We have to get much more acquainted with asking for and accepting help, and offering help when were able to give it.
During this past month there has been so much talk about breastfeeding. Although I understand the importance of promoting it, and by no means think those of us who have beautifully thriving breastfeeding experiences should be less proud. I do think that we have to consider holding space in that for those of us who have suffered because of it. Early struggles with breastfeeding, painful nipples and lack of sleep play a huge role in the onset of a PMAD. Many women quit attempts to breastfeed due to lack of support then develop postpartum depression due to feelings of shame and failure. It becomes a downhill spiral.
Here are some things to look for if you think you or someone close to you may be suffering postpartum depression or any PMAD. It is important to note that baby blues, categorized as weariness, impatience, restlessness, anxiety, insomnia and sadness are common after pregnancy, albeit in standard cases will lessen over time and subside al together by around 14 days postpartum.
Warning signs after 3 months postpartum:
- Irritability, angers easily
- Sad mood that does not shift
- Feelings of inadequacy “I am not a good mother”
- Sleep problems, too much or too little
- Fear of being alone
- Discomfort around the baby or lack of connection to the baby
- Loss of interest or pleasure in things you once enjoyed
The main thing to do if you are experiencing any of these symptoms and feel you may be suffering from a PMAD is to speak to somebody you trust and who will take your concerns seriously. You can reach out to your doctor, midwife or doula. There is also access to peer support groups in many cities in the U.S, Canada and worldwide. Often times, simply speaking to someone who is understanding can be helpful in lifting these feelings. If you have trustworthy help available to you, alone time to sleep, to pamper yourself in ways you did pre-pregnancy or even just be without the responsibility of taking care of everything for a few hours; can help as well. Also check out https://www.seleni.org and seventhmomproject.org for more information and other resources.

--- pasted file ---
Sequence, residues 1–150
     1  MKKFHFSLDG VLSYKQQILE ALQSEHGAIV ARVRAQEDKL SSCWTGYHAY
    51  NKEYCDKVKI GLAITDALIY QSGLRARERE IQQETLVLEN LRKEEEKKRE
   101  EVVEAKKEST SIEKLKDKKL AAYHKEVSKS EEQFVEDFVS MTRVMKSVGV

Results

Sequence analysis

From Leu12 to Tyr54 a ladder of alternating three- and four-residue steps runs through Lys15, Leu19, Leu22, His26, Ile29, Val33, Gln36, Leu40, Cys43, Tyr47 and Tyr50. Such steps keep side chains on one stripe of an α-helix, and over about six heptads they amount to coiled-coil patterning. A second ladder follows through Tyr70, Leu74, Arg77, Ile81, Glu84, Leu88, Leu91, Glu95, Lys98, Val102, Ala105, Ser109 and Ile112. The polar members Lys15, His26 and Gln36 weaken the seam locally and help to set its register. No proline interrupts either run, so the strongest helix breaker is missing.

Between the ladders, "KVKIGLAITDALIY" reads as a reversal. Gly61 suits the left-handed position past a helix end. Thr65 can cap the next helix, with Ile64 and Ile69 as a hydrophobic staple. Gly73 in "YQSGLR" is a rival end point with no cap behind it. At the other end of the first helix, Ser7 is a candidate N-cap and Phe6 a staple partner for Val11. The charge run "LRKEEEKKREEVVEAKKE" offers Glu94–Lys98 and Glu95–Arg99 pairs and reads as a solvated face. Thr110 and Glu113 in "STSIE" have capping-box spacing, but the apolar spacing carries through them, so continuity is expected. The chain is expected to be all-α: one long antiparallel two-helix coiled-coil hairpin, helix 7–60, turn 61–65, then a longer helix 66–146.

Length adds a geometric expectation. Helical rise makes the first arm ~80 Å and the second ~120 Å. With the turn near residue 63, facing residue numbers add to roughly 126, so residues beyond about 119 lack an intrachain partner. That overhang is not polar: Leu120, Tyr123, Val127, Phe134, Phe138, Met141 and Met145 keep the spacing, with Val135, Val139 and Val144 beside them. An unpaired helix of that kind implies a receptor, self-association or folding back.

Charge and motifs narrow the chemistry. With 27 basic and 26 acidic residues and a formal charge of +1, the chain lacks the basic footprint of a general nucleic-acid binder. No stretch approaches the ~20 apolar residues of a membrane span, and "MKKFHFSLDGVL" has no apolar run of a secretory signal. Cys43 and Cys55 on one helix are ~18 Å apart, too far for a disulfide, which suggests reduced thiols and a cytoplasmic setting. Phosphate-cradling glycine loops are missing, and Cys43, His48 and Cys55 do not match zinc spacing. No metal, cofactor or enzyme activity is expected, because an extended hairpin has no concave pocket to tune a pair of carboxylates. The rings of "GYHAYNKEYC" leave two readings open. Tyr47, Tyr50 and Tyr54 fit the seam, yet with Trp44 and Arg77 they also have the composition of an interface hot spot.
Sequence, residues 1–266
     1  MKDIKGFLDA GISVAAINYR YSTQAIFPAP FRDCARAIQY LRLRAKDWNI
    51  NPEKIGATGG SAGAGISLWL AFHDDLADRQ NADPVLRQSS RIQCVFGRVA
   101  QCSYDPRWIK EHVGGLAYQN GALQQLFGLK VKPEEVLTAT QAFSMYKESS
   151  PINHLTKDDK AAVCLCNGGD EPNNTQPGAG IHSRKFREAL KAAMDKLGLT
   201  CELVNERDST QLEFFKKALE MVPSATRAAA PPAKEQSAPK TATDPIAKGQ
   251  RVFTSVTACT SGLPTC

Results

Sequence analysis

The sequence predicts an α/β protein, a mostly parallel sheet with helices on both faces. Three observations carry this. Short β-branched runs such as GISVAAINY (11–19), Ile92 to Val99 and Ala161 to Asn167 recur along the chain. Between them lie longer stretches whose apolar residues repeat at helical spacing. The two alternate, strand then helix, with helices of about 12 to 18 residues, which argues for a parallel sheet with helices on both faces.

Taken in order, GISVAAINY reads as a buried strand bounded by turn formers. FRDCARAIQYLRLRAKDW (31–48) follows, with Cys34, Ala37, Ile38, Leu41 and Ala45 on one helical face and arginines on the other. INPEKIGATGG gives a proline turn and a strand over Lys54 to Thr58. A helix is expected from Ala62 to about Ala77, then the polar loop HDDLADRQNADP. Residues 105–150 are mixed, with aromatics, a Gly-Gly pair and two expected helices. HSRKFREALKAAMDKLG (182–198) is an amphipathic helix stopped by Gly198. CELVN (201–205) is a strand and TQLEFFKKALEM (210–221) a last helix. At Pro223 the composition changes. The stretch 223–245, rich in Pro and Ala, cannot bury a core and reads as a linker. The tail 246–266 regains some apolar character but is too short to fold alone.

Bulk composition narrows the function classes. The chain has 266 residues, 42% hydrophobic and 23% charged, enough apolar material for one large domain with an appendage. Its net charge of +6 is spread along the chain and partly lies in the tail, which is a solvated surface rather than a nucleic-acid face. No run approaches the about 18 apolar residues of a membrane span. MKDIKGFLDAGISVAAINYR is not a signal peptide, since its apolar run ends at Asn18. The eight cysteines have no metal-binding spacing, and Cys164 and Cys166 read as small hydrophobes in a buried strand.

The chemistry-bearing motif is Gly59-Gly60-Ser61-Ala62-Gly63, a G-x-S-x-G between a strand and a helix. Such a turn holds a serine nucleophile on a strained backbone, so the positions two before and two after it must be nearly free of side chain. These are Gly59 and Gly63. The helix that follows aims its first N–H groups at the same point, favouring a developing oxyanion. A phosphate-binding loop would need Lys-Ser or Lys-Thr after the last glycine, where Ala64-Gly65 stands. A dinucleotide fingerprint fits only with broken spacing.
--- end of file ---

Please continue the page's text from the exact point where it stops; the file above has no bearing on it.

IF YOU ARE GOING THROUGH THIS, IT IS OF UPMOST IMPORTANCE TO KNOW:
You are an amazing mother. This is not your fault. You can and will get through this and be well, with the right help. We are in this together.
Ebboni X Savory
About The Author
Ebboni is a writer, mother, wife and founder of the upcoming event series ‘Mama Just Doing it,’ as well as the blog Ebbo Just Doing It, @ebbojustdoingit. Originally from Toronto, now living abroad home-schooling my 3 littles who are all under 6. I aim to use my skills and interests to support and encourage women, generally but specifically mothers get through and thrive through the throws of motherhood and womanhood. I believe we are much stronger together and all have something unique to contribute to the whole.